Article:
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DAVENPORT — If you missed the chance to order a “We Love Gays & Strays” shirt, the Humane Society of Scott County is offering a second chance.

“We sold 130 shirts our first round, and we keep getting questions about them, so we decided to open the store up for one final round,” the nonprofit wrote in a July 2 Facebook post. The shirts raise money for both the Humane Society, and Clock Inc. LGBT Center in Rock Island, Ill.

The shirts are available in five colors, and four styles, including short-sleeved tees, tank tops, sweat shirts, and hoodies. You can order a shirt at the Humane Society’s online store through July 16. They were first introduced during the Pride month of June.

“All of us at Clock are thrilled to hear that the Humane Society’s ‘We love Strays & Gays’ shirts have been a huge success,” said Chase Norris, Clock’s executive director and founder.  “It is always amazing to see so much support from those in the LGBT+ community and our Allies, especially during these frustrating times.”

Bond between companion animals and LGBTQ people is extra meaningful

The connection between LGBTQ people and the Humane Society’s mission of finding homes for companion animals is real. More studies are showing a connection between stress relief provided by animals, and the heightened anxiety often experience by “sexual and gender minorities.” Those studies include one by Virginia Commonwealth University that shows 75 percent of LGBTQ youth find comfort and stress relief through companion animals.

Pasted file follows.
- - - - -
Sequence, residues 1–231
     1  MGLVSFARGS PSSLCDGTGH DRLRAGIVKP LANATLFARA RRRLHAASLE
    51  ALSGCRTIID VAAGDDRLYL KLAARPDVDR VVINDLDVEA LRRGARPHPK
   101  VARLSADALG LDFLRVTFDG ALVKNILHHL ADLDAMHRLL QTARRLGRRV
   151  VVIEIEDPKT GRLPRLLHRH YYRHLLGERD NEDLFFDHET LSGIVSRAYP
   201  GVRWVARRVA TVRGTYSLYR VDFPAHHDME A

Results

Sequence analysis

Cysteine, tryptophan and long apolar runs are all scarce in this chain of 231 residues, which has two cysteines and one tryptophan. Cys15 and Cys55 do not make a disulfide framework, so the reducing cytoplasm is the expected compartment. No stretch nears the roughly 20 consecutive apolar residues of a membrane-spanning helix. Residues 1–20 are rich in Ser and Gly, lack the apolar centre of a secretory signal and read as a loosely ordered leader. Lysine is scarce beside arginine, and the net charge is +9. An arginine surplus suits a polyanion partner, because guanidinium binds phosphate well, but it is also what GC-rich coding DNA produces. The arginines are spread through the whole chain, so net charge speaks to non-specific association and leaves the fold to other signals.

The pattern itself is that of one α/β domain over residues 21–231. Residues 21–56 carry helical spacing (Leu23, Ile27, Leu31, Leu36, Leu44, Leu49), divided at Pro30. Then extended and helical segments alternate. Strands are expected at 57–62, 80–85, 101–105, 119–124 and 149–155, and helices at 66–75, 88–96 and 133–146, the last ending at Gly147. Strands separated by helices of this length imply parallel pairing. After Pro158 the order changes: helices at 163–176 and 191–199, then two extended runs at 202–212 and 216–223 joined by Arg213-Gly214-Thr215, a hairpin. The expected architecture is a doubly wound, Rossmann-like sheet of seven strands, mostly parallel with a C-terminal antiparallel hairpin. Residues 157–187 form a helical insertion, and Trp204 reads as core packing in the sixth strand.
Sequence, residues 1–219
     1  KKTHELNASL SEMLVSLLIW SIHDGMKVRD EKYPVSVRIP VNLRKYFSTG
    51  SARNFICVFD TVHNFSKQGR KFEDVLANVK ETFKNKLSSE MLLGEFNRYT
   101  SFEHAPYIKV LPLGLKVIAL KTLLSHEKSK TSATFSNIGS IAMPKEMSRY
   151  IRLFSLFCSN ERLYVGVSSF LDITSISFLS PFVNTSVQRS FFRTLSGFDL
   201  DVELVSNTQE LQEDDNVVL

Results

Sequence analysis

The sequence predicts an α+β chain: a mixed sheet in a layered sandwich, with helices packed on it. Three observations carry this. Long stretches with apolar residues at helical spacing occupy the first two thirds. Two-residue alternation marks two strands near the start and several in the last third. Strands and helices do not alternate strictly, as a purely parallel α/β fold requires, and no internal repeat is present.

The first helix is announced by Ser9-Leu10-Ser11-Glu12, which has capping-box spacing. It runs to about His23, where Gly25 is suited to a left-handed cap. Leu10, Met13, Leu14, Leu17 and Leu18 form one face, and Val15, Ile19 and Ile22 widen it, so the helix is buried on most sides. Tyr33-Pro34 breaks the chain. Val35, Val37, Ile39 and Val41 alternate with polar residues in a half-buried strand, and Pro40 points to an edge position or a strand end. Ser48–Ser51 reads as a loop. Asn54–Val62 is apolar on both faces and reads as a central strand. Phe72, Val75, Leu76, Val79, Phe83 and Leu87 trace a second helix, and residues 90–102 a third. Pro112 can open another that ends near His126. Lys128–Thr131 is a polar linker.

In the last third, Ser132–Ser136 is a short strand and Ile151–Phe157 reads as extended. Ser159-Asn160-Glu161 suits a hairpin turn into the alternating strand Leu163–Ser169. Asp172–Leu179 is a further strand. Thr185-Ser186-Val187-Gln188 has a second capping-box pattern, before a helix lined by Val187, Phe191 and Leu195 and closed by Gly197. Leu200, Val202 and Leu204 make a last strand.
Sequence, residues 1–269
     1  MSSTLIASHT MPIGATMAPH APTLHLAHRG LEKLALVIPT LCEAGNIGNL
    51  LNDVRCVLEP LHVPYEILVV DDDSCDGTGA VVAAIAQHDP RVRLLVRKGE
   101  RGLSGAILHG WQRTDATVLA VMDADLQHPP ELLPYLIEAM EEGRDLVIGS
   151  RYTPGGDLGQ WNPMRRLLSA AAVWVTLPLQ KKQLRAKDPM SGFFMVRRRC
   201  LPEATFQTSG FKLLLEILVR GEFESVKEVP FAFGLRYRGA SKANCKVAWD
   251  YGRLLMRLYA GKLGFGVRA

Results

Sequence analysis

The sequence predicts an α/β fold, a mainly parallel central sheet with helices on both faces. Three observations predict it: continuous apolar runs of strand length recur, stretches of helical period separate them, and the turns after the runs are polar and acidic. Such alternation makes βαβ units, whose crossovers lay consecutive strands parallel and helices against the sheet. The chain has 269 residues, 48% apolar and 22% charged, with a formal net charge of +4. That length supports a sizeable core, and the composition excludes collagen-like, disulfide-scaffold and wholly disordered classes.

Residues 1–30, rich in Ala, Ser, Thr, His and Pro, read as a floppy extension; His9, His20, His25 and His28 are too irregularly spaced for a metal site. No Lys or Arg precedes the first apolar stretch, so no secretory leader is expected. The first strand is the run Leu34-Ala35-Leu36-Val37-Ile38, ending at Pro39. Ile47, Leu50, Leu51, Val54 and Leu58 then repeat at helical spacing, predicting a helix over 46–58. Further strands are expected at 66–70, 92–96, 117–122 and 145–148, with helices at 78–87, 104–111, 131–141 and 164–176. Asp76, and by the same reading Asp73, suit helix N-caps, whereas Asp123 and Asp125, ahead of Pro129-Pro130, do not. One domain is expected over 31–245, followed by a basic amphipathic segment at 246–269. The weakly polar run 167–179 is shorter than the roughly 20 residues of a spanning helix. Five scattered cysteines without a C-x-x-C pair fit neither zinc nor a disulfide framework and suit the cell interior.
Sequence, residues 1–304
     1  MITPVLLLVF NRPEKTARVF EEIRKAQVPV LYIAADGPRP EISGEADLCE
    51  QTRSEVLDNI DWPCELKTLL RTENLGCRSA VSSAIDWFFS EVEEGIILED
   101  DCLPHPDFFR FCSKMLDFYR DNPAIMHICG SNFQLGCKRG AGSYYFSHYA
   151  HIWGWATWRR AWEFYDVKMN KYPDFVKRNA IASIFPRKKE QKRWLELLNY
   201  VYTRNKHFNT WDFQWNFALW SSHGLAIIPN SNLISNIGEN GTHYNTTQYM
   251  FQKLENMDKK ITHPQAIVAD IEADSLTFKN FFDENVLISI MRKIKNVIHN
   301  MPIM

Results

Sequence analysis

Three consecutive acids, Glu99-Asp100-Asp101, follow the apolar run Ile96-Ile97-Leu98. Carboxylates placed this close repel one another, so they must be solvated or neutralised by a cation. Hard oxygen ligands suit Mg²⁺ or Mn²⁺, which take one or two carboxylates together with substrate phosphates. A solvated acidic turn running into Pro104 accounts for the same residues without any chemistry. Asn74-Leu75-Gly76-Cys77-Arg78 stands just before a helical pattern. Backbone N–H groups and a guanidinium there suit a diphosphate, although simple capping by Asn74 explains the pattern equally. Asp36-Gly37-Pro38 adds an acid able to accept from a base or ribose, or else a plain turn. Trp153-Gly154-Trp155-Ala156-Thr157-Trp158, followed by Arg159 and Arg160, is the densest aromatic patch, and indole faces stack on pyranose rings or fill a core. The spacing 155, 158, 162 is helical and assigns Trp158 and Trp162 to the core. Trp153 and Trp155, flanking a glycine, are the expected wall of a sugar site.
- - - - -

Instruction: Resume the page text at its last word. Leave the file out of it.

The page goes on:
The same extra meaningfulness holds true for older LGBT adults, according to a 2018 study. It showed that more LGBT adults age 50 and over who owned pets felt strong social support, than those who did not own pets.

Humane Society of Scott County selling We Love Strays and Gays shirts

Staffers with the Humane Society of Scott County model their “I Love Strays & Gays” shirts, to benefit the Humane Society and Clock Inc. LGBT Community Center.

QueerBio also points out that the first-ever animal welfare organizations were founded by an Irish lesbian. Frances Power Cobbe. Cobbe founded the National Vivisection Society (NAVS) in 1875 and the British Union for the Abolition of Vivisection (BUAV) in 1898, creating the foundation for today’s animal welfare and rights movement.

Cobbe also helped found the Matrimonial Causes Act of 1878, that granted women the right to divorce their husbands for infidelity, writes the Collaborative Organization for Virtual Education (COVE).

Humane Society also offering discounted adoption fees through July

Another effort the Humane Society is undertaking: the nationwide “Empty the Shelters” event with 300 other shelters. Through July 31, adoption fees for cats and dogs are only $50. Adoptees can also receive 30 days of free pet health insurance through the program, writes Our Quad Cities.